Rural schools on hunt for teachers
Taihape Area School is hoping Santa turns up with a teacher or two in his sack this Christmas preferably who know their maths or science.
The annual end-of-year scramble for staff next year is on and principal Richard McMillan says he’s still short even though three newbies have been recruited.
McMillan said area schools faced their own special challenges because they were a ‘‘unique breed’’.
‘‘I think they’re a fantastic thing,’’ he said.
But isolation meant they were up against it when it came to competing on the job hire market.
So lifestyle was one of the things schools talked about a lot when they were on the hunt for staff.
And there are hopeful signs that kind of pitch is starting to pay off, said Grant Burns, who heads up the Area Schools Association as well as Tauraroa Area School, 20 minutes out of Whangarei.
Burns agreed with McMillan that area schools were unique they needed teachers to work across both subject and age ranges.
That is, they needed to be willing and able to teach both primary and secondary school-aged students and two or three subjects, not only what they might have specialised in.
‘‘The smaller the school, the
‘‘Fewer and fewer people are putting their hands up to come to work in area schools.’’
more hats a teacher has to wear,’’ he said. ‘‘It’s a situation that doesn’t suit everyone.’’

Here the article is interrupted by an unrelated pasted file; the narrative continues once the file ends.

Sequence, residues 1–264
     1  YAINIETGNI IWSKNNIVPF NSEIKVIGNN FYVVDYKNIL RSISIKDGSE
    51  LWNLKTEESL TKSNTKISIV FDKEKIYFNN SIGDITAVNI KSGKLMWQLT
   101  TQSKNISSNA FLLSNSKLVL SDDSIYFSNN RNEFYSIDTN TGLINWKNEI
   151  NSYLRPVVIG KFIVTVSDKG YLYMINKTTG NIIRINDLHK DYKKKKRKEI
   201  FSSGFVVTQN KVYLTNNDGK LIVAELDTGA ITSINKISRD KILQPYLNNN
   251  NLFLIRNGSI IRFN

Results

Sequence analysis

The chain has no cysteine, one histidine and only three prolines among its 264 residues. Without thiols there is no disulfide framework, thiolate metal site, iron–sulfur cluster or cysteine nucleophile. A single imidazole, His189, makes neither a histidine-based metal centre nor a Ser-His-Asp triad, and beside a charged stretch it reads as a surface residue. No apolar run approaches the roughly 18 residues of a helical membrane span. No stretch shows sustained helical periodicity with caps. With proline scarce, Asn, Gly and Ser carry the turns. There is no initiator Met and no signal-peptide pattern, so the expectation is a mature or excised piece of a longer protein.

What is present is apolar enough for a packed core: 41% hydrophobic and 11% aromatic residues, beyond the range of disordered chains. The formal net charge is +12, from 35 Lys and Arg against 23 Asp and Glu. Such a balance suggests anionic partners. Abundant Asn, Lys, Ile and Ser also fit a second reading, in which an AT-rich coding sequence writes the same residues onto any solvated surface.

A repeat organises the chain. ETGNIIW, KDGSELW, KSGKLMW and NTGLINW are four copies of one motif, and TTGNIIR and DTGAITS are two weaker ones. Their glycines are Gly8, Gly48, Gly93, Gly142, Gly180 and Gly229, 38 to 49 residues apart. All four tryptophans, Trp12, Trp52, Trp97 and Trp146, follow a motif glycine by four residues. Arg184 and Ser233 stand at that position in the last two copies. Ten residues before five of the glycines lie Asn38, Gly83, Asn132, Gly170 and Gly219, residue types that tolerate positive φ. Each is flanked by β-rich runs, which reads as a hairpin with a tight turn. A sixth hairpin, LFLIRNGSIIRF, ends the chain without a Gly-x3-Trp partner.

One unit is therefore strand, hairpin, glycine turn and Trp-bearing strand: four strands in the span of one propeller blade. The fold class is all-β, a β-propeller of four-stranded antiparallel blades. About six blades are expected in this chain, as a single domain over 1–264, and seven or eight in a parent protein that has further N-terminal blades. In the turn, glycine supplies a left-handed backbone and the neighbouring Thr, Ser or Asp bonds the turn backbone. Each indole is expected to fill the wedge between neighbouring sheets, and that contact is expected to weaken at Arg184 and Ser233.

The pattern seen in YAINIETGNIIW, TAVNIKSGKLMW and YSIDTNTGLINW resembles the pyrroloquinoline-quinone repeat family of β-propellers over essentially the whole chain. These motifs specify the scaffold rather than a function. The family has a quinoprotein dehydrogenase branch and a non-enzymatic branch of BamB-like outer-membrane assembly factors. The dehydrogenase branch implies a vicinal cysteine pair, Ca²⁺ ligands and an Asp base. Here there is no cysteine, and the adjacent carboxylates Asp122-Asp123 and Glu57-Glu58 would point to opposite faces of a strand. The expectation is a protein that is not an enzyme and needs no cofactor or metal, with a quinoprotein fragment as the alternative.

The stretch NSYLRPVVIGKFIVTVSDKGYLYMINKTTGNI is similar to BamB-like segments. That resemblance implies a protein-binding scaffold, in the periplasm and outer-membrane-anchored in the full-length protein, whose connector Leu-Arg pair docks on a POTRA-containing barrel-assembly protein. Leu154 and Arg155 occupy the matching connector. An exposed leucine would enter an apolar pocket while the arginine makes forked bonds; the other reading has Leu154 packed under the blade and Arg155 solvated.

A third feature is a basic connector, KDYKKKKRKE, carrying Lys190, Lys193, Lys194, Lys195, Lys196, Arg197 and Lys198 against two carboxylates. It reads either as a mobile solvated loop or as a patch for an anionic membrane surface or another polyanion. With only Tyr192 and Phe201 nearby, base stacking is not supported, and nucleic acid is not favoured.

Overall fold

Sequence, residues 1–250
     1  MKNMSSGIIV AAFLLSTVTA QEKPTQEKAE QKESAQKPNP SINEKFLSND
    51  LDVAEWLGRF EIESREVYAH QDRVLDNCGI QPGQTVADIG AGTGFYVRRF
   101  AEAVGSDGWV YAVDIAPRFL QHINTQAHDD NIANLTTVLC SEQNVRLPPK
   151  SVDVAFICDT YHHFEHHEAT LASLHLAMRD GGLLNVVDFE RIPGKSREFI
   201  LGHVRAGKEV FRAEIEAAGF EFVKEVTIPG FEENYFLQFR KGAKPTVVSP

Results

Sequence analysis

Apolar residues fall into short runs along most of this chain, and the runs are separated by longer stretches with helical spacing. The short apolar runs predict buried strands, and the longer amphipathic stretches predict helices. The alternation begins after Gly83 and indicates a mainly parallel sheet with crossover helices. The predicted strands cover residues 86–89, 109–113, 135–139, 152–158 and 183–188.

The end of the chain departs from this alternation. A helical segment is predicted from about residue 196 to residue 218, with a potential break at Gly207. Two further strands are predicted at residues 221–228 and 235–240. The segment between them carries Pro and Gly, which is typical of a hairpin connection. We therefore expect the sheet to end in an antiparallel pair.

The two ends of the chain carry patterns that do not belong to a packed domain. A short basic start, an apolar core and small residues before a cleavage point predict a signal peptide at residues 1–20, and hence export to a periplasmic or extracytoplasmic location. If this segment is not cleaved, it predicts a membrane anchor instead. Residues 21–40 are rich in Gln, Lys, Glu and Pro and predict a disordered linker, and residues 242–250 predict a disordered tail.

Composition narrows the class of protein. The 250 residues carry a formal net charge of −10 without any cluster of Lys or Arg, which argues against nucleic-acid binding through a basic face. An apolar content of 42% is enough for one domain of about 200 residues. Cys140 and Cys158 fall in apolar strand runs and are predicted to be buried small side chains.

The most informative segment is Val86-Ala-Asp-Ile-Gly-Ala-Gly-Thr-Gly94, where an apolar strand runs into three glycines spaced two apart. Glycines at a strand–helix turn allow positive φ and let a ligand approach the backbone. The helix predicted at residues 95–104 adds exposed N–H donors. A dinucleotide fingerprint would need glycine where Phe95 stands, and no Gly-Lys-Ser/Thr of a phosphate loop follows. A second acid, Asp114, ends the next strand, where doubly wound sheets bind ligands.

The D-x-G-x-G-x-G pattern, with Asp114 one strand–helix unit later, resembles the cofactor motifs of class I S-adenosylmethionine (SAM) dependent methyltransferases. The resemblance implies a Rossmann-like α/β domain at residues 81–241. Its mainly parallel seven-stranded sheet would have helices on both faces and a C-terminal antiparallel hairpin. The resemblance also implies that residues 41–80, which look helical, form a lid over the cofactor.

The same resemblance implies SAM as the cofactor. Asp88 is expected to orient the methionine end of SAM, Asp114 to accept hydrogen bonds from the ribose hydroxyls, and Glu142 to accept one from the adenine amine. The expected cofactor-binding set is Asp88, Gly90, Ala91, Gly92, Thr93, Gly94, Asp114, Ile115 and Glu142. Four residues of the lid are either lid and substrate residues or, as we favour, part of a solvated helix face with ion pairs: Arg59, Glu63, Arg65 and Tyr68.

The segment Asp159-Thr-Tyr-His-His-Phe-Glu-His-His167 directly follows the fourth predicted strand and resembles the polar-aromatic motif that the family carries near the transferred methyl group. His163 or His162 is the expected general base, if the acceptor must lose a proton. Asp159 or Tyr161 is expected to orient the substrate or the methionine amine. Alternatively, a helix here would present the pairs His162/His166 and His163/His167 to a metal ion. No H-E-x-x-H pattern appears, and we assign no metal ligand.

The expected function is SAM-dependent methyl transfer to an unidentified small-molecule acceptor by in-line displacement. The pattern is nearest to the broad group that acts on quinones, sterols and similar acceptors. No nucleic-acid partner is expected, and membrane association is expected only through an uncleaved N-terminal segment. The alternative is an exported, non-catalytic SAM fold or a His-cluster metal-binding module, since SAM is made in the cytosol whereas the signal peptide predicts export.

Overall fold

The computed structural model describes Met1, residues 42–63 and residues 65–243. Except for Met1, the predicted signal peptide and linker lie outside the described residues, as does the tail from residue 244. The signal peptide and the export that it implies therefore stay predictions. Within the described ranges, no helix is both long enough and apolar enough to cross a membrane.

The association has 42 members so has been able to form a broad view of the problems faced by area schools.
They are often problems with which all schools have to grapple but are often ‘‘magnified’’ in area schools by their isolation and issues which can flow from that, such as lack of accommodation.
‘‘Fewer and fewer people are putting their hands up to come to work in area schools,’’ Burns said.
But on the upside, there was the development of virtual learning networks, distance learning, and ‘‘a bit of an exodus’’ from Auckland because of the cost of living there.
That’s something now being noticed in Taihape and Burns said his school had attracted a music teacher out of Auckland.
As well there was the Teach First scheme, which placed university graduates in rural schools to learn on the job.
Burns said area schools were often community hubs so their survival mattered.
Grant Burns, Area Schools Association head Rural schools are struggling to recruit teachers for small towns like Taihape.